Carl likes Andrea's hair.
It was the first thing he noticed about her when his mom and Shane stumbled upon the small camp of survivors outside of Atlanta months prior. He likes the way it pools in ringlets around the base of her neck, even when it's in a ponytail. He likes the way the sun catches it during the day and makes it appear almost white in the warm light. Sometimes, as he walks beside her, his much shorter stature makes it hard to differentiate between strands of Andrea's hair and the sun's descending rays, especially in the fall air with yellow and orange leaves falling all around them and tendrils of blonde blowing in the air. And in the evenings, as the sun starts to bid goodnight, he likes the way it takes up the color of honey and warm caramel. Often at night, as they sit around the fire, he looks at Andrea's hair and the light of the flames and sparks send off flecks of yellow and white all around her, and he falls asleep dreaming of a mighty prince coming to save Rapunzel from her tower.
Carl likes Andrea's eyes.
The first time he noticed them they were pale blue, and it reminded him of winter and snow and icicles. The second time he noticed them, they were pallid green, and they brought up images for Carl of sweet limeade on a hot summer day. When she's sad they take a particular aqua hue, and when she's happy they are bright blue and green. When she's angry or determined, or firing her gun, they get so icy and light they're almost white, but then just as soon as her tempers cool, they take on their normal pale blue color. She probably doesn't know it but there is a whole world in her eyes, an open book anyone who pays attention can easily read, of past experiences, heartache, loss, and disappointment, but also of happiness and love. He likes that he can see so much of her in her eyes.
But mostly, he likes the way they light and warm up when she looks at him and gives him a smile. It makes his heart do a weird pitter-patter thingy and his cheeks feel warm and tingly. Sometimes, when she catches him staring, she smiles and winks at him, and he feels a burst of energy in his little heart so big that he spends the rest of the day smiling for no reason (even when his mom yells at him for not doing his homework).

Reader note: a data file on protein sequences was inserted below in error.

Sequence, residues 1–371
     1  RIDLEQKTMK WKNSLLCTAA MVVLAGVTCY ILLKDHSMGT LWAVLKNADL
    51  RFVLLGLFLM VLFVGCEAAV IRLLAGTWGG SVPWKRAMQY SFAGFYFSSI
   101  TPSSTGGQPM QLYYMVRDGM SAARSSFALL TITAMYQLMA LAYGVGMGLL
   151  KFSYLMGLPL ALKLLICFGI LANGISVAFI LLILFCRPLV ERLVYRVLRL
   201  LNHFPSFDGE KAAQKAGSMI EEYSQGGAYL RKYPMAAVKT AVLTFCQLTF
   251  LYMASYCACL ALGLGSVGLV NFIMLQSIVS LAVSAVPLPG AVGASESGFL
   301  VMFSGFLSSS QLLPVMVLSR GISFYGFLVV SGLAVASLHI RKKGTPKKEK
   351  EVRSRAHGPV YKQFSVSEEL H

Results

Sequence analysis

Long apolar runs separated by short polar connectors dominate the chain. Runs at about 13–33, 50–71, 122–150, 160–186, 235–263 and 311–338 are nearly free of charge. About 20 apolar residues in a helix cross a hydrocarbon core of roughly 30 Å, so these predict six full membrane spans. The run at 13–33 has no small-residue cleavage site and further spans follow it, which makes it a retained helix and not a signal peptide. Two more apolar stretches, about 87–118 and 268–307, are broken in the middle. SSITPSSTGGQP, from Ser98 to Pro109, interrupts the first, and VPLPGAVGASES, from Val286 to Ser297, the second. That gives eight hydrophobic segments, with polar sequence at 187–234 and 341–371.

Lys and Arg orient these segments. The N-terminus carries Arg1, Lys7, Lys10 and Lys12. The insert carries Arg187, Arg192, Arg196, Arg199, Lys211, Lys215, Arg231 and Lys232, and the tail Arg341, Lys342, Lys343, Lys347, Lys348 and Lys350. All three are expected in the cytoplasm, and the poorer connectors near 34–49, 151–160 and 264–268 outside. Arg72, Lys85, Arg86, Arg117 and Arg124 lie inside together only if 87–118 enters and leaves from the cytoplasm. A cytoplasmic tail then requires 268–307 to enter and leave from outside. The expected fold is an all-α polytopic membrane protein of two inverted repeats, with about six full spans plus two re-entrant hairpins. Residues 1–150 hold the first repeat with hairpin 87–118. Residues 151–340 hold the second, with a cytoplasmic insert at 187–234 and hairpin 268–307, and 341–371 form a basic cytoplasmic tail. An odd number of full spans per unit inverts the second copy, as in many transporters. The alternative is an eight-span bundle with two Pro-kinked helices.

He likes Andrea's personality.
He likes seeing her square off against Shane or his dad. She's small, smaller than Carol, even, but she doesn't seem to be scared of them. His dad learns really quickly that she's a force to be reckoned with, and though it takes Shane a little longer, eventually she earns his respect as well. She doesn't give up ever, and when he sees her stand up for herself Carl wishes he had the same amount of strength and determination to rebel (because really? Homework?). The grown ups used to ignore her a lot but now a lot of them treat her as a leader. Carl likes seeing her shooting alongside his dad, and when the two take on dozens of walkers together, he knows she's one of the very few people in the camp he would feel safe with one on one.
But he also likes seeing her when she's at home, when she's soft and sweet and takes care of Carol, or when she sits by herself with a book on her lap. Once even, when his mom's tummy began to hurt and his dad was away, Andrea sat with her all night long, until the baby finally calmed down in his mom's stomach and she fell asleep. Carl hid under the covers as he watched the whole thing, and when his eyes drifted close Andrea was still there, gently massaging his mom's stomach.
Carl likes seeing Andrea fire her gun.
She does it with such resolute determination, such fiery intensity, but something about it is just as delicate and gentle. Almost like a choreographed dance, like that play with the ballerinas his mom used to go see with her girlfriend during Christmas. While everyone else yells and shot their guns with a dangerous twitch and panic, Andrea always seems calm, like she's most at peace when she's firing her gun. One time Carl saw her take on to about fifty walkers on her own, and later that week, when T-Dog came home with a pack of comic books for Carl to read, he put away all the Wonder Woman ones, thinking they couldn't possibly be any better than real life.